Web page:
Antique saw thread

edju1958

edju1958

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Got out and made a quick video since it's a beautiful(yet very windy) day.
Having a little fresh fuel in the system overnight must have done something, because when I checked it out today the saw can now reliably start on a few pulls with the choke on, no need for priming.
It's still obviously in need of some love and care though. Usually need to hit the throttle every few seconds to keep it going, though there's times like in the video here where it will idle on its own for up to a few minutes before it eventually bogs down and needs another hit of throttle or it dies.
Also, this carburetor confuses me. Am I seeing two fuel and two oil lines going on here? I also had a minor incident when I turned that thumb screw on the left side of the case that says "<-- Open".
I thought this looked like it was to control the flow of bar oil, but the moment I started turning it while the saw was running it immediately got stuck WOT. I had to quickly hit the off switch to make it stop. Odd.
Anyway, here's the video. It's running a bit lean, right?
I think a rebuild kit in the carb & you'll have a good saw.
 
McCullochKid

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Here's some more of the D49. I'm trying to figure out how to get this carb out so I can find some identifying marks on it. It's quite the puzzle.
I was hoping that the whole thing would pop up by unscrewing those two screws in the back, but it's pretty stuck on there. I'm worried about using too much force and damaging something, since as far as I've been able to determine parts for this are nonexistent.
d49_carburetor.jpg
Here's the back of the air cover.
d49_aircover.jpg
And finally a look at the piston/rings through the exhaust. What's that little pointy thing sticking out?
d49_exhaust.jpg
d49_rings.jpg
 

ML12

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Here's some more of the D49. I'm trying to figure out how to get this carb out so I can find some identifying marks on it. It's quite the puzzle.
I was hoping that the whole thing would pop up by unscrewing those two screws in the back, but it's pretty stuck on there. I'm worried about using too much force and damaging something, since as far as I've been able to determine parts for this are nonexistent.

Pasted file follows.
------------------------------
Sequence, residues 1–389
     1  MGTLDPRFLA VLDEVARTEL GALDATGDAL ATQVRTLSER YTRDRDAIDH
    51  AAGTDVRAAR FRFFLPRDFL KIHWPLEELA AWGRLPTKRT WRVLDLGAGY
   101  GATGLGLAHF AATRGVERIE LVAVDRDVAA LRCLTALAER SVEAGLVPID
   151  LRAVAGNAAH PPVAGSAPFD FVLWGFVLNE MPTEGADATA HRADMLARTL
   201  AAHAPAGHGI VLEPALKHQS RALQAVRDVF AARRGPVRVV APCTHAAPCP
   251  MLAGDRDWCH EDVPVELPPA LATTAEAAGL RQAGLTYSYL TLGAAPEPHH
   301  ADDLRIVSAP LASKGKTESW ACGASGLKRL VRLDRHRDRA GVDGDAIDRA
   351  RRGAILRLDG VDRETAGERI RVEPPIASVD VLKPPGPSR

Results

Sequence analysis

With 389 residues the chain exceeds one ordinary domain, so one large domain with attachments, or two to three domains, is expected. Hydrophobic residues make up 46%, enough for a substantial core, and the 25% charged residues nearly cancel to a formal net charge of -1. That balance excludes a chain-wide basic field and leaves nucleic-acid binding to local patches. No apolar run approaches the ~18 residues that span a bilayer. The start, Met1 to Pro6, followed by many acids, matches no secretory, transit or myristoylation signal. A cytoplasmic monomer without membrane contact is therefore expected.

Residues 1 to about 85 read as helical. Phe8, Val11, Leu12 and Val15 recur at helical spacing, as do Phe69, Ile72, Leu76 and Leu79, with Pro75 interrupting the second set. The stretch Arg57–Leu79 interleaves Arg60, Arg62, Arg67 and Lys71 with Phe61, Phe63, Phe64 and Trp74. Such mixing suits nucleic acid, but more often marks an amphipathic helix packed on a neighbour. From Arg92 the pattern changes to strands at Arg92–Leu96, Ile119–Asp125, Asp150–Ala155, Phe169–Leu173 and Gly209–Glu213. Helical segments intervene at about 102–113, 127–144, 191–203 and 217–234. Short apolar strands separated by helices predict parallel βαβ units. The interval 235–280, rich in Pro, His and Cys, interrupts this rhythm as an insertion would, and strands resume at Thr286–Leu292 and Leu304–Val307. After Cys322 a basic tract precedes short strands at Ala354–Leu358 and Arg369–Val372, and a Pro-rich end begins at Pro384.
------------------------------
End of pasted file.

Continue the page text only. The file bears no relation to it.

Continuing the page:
View attachment 861726
Here's the back of the air cover.
View attachment 861725
And finally a look at the piston/rings through the exhaust. What's that little pointy thing sticking out?
View attachment 861727
View attachment 861728
The carb is mounted on 2 studs, you can see the nuts in the photo on either side of the carburetor. You may need a set of off-set or "ignition wrenches" to get them undone. Yes it will be difficult, and you may need to remove the oil pump and perhaps some other things, but there seems to be decent access.

That carb looks like a "Tecumseh" diaphragm carburetor, if so, the kits are still available. I've never had one on a saw, but shouldn't be too hard to figure out.
 
gumneck

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Mall 2MG is complete. Guy is selling for his neighbor knows nothing about its functionality, has the hole digger attachment and chainsaw attachment. Should I drop $50 bucks on it? I need another project like I need less money but I just can't stop buying old crap that I really dont need.
 

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edju1958

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Well guys,I don't really know as a Lombard would be considered to be antique?I suppose maybe so since they were last made in 1983,that's damn near 40 yrs.ago!

I picked up an AP42 on Feebay for $43.I didn't realize that it was missing the clutch,clutch cover & bar plates.Lucky thing for me I had an identical saw on hand with all the parts I needed.Before I put the clutch on I looked at the piston & cylinder & they werte in great shape.I noticed that one of the bolts that holds the casing to the engine under the clutch was missing,so I figured I'd just take it out of the parts saw I had.I went to put ity in the boss & the hole was bigger than the bolt.I checked the other bolts & they were all loose.Time for some red thread locker.I got that taken care of & the clutch swapped over & the recoil cleaned out,put a new fuel filter in it with some fuel,checked the needle settings (the lo was good,but the hi was almost completely closed).Gave the saw about 10 pulls & got nothing.Time for a prime & she fired up,but didn't pull fuel on it's own.Primed it one more time & had myself a running AP42! The only thing left to do with it is get a new muffler stud,or new bolts that fit.The muffler is in a-1 shape.Kinda reminds me of a Pioneer muffler.Oh yeah,I forgot after it was running I went top shut it off & it didn't shut off.I had to replace the switch.